The primary objective of the visit was out of sight when we arrived at the Brach Primate House, and we were sure we wouldn’t see it. But, just as we’d given up, Burma the white-cheeked gibbon made a brief appearance, her infant clinging to her. She looked out for a moment, then sank into a depression in the back of the exhibit, from where only her shoulders and face were visible, the little one hidden below. Caruso, neglected as new fathers often are, played to his audience of three, first to me, then to a younger, thinner woman. Typical male! We did get a glimpse of the wee gibbon, with its pink face and large, fuzzy (not furry) head, but Burma didn’t hang around long enough for a photo.
After watching a cinereous vulture drive off a flock of starlings and overstaying our welcome in the McCormick Bird House (zoo buildings close early in winter), we headed across the street to R.J. Grunts, just in time to beat the crowd and to get a brown cow and a trio of tuna melts. Mmmm, mmmm, good — comfort food to warm up with.
Lured by stories of a Grèvy’s zebra birth and other happenings, fellow former docent and Ark editor JT and I met at Union Station for a trip to Lincoln Park Zoo. My borrowed camera and rusty skills don’t do the animals justice, so I recommend that you pay them a visit if you can — soon, before they’re all grown up. After all, the Grèvy’s zebra foal is the first edition since 2001.
We strolled the Children’s Zoo gardens, where not much was in evidence. At last, a resplendent male wood duck sailed past the beaver viewing window, his colors glowing like jewels in the midday sun. You’ll have to take my word for this; unbeknownst to me, the camera had flipped itself to TV mode, so all the photos I thought I was taking were black.
The highlight inside, however, at least to me, was this pair of walking sticks engaged in arthropod love. As a child, I was always thrilled when my brother or I (usually him) would find walking sticks in our yard, often on my dad’s tool shed, where they were easier to spot. They fascinated me, even if they did no more than take a few steps and look like a stick clinging to a shed.
At the Lion House, elderly Afghanistan leopard Christian was taking a catnap. If you want to see animals in action, early morning/late afternoon/evening during summer hours are the best times.
At the Primate House, the black howler monkeys demonstrated their prehensile tails, wrapping them around nearby branches as a stabilizing anchor. One hung by its tail over a food dish, leaving his hands free to rummage through the goodies. Don’t make the mistake one visitor did — those small monkeys who share the exhibit are not baby howlers; they’re Goeldi’s monkeys.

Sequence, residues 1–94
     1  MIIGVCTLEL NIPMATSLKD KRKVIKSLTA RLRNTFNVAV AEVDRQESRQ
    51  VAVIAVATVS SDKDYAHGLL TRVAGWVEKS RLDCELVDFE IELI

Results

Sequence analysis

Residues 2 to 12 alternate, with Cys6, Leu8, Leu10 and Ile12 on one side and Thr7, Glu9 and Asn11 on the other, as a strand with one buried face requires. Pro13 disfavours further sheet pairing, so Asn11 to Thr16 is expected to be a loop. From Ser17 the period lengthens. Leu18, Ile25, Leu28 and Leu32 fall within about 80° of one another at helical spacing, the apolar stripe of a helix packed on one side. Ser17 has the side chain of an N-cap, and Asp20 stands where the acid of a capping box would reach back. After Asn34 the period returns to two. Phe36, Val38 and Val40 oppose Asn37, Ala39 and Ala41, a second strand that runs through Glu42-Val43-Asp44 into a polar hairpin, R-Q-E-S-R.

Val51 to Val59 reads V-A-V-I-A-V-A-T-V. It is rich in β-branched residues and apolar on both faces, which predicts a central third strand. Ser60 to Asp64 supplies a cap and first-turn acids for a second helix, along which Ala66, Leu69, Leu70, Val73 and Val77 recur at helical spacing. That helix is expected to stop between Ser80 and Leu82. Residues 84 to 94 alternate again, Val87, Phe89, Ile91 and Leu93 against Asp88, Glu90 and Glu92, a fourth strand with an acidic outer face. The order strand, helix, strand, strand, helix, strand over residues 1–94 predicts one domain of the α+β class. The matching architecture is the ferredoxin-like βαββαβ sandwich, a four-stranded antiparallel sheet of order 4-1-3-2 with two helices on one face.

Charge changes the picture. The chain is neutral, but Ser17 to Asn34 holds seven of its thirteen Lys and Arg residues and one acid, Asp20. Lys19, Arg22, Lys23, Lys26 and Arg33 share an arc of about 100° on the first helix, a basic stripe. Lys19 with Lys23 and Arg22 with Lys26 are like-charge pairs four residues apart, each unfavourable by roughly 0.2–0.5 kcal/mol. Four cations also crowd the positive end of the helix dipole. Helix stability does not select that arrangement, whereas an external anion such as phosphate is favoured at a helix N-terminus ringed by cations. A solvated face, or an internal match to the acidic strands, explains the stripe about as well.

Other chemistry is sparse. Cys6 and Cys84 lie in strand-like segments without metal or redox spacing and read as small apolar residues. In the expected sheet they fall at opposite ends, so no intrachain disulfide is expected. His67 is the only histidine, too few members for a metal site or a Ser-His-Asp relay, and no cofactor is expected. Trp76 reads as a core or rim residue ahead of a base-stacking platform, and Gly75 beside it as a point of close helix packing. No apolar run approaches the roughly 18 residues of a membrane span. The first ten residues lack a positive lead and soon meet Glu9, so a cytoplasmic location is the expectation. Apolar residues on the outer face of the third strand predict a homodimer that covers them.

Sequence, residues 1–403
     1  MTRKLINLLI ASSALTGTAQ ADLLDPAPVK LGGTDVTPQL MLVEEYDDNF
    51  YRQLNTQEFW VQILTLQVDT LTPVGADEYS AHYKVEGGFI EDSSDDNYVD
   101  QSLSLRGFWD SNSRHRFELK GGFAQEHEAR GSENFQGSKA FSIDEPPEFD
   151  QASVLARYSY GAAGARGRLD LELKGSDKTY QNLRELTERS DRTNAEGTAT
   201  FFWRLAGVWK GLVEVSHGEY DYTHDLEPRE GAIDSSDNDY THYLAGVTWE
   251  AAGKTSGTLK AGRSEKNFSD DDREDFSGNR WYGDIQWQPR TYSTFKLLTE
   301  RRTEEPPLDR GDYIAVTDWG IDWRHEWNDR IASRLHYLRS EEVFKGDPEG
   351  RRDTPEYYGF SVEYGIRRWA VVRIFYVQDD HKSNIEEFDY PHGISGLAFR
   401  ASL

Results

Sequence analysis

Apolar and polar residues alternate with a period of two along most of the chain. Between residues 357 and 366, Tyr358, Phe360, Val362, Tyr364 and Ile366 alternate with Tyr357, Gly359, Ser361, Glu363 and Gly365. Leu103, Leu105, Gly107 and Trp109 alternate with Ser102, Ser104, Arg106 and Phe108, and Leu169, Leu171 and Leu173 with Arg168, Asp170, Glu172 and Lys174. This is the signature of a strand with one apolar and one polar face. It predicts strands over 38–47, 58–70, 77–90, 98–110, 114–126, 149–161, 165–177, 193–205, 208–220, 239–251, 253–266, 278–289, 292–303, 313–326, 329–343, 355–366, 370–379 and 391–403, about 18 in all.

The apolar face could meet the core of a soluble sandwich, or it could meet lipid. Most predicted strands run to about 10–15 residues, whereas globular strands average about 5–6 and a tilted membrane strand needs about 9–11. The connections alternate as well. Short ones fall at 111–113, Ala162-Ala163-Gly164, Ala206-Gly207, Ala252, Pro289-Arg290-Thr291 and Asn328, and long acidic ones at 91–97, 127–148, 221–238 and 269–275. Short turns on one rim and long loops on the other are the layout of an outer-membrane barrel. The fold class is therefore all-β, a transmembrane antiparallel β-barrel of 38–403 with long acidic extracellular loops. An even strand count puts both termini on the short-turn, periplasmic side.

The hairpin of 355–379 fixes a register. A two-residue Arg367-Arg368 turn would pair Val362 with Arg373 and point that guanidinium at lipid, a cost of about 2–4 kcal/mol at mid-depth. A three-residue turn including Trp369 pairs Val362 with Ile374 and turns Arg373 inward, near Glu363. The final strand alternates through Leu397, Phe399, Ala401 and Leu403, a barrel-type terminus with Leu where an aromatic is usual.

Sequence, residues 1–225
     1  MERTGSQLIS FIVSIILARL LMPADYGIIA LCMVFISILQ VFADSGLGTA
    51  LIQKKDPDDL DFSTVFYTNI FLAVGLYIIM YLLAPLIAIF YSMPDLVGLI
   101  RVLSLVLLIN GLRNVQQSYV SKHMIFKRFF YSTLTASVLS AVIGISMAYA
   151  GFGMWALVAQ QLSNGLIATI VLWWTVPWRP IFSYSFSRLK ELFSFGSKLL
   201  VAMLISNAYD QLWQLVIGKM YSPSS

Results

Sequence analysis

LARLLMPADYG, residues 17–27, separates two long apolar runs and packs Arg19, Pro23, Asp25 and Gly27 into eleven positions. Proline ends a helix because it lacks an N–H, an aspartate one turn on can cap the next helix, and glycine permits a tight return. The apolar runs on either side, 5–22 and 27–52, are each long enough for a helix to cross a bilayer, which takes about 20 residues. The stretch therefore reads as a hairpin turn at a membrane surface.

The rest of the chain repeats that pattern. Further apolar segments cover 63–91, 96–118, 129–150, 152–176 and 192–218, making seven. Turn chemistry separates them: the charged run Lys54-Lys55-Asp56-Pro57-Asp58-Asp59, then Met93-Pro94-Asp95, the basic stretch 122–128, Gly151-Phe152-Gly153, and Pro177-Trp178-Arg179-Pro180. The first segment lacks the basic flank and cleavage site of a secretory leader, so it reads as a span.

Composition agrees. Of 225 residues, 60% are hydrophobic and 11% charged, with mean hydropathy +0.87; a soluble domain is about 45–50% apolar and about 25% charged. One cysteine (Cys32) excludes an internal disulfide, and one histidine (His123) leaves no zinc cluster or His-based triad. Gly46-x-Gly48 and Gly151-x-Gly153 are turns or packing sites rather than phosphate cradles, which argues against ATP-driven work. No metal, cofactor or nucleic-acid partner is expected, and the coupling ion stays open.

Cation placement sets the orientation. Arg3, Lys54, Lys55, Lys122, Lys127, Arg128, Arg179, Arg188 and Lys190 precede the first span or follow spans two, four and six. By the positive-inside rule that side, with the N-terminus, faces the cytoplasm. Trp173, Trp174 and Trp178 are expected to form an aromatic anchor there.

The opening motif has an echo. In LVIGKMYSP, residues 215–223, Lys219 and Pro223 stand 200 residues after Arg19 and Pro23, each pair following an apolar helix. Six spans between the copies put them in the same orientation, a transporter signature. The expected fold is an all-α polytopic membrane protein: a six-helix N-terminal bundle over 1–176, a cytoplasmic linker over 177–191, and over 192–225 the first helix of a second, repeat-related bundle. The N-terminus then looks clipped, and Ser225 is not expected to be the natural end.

As usual, the black-and-white colobus monkeys were lined up on a branch, quietly digesting in dignity, even as the Allen’s swamp monkey juveniles wrestled and raced their way around the exhibit.
At Antelope/Zebra, the star is Enzi, the Grèvy’s zebra colt, who was lying down when we arrived but then untangled his gangly legs to nurse. When his mother, Adia, went over to the exhibit door to investigate keeper noise, he followed her, but turned around and walked a little distance away from the safety of his mother’s side. JT pointed out to him that, if they were in Africa, his mother would not allow him to be so bold.
The white-lipped deer were taking a rest. For one thing, I imagine it takes energy and resources to grow a rack like that, still in velvet.
The Bactrian camels were shedding. The Bactrian camels are always shedding.
One of my favorite animals, the Sichuan takin, couldn’t decided whether to take a bath, check out the visitors (or the foliage), or scratch his face, so he did all three in a cycle, playing with something in the water (perhaps an aerator) that probably wasn’t intended for takin enrichment. He butted his impressive head against the green wire around the edge, giving us a good look at his face. I gather that the combination of strength and agility makes takins potential escape artists. This guy is among the more charismatic hoofed animals of the collection.
New on exhibit at the Small Mammal-Reptile House is the caiman lizard. I didn’t get a photo, but he’s beautiful, a bit like a combination iguana and small dinosaur with a huge head. I’m told he’s a snail eater.
The bats were more active than usual; perhaps their feeders had just been refilled. Nearby, this sand cat was relaxed. I apologized to him profusely for accidentally letting the flash go off. Within five minutes he was up and about, looking almost like a tiny house cat with an oversized head.
This is a young African dwarf crocodile, one of five produced by the recently deceased R1 late in his long life and his younger mate and occasional sparring partner Maggie. Sure, it looks sweet now, but you wouldn’t want to meet it in a few years.
At the Bird House, the tawny frogmouths demonstrate camouflage. I almost missed the one lying down. Like many owls, they blend in with tree bark, but they aren’t owls — they’re in the nightjar/oilbird order. Think of the superbly camouflaged whippoorwill, which you may hear but rarely see.
This snowy egret gave us a good look at its slender form and elegant plumage. While I might understand the appeal of their feathers as adornment, I can’t conceive of how men slaughtered them en masse in cold blood for the sake of greed. J and I have seen them in the wild, so to speak, at Volo Bog, where there was a small flock a few weeks ago.
When the European stork isn’t dropping off babies to expectant parents, it’s tending its own nest. These three chicks hatched in late May, along with a cinereous vulture chick.
Happy Father’s Day to the storks and all the zoo parents.